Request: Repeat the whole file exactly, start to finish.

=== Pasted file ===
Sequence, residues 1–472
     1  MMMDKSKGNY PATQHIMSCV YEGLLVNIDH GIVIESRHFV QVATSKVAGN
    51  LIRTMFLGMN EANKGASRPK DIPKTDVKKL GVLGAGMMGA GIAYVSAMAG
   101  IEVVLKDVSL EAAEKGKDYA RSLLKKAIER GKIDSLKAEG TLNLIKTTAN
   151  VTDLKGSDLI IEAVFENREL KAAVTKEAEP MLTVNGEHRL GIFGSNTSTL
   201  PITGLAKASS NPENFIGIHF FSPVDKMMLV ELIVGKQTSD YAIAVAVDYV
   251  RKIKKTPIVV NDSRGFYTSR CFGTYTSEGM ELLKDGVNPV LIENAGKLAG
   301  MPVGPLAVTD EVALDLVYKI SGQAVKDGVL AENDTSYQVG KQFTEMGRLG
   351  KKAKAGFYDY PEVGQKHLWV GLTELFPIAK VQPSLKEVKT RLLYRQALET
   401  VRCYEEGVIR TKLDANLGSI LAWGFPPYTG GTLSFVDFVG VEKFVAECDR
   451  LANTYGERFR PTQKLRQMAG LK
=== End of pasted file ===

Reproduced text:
Sequence, residues 1–472
     1  MMMDKSKGNY PATQHIMSCV YEGLLVNIDH GIVIESRHFV QVATSKVAGN
    51  LIRTMFLGMN EANKGASRPK DIPKTDVKKL GVLGAGMMGA GIAYVSAMAG
   101  IEVVLKDVSL EAAEKGKDYA RSLLKKAIER GKIDSLKAEG TLNLIKTTAN
   151  VTDLKGSDLI IEAVFENREL KAAVTKEAEP MLTVNGEHRL GIFGSNTSTL
   201  PITGLAKASS NPENFIGIHF FSPVDKMMLV ELIVGKQTSD YAIAVAVDYV
   251  RKIKKTPIVV NDSRGFYTSR CFGTYTSEGM ELLKDGVNPV LIENAGKLAG
   301  MPVGPLAVTD EVALDLVYKI SGQAVKDGVL AENDTSYQVG KQFTEMGRLG
   351  KKAKAGFYDY PEVGQKHLWV GLTELFPIAK VQPSLKEVKT RLLYRQALET
   401  VRCYEEGVIR TKLDANLGSI LAWGFPPYTG GTLSFVDFVG VEKFVAECDR
   451  LANTYGERFR PTQKLRQMAG LK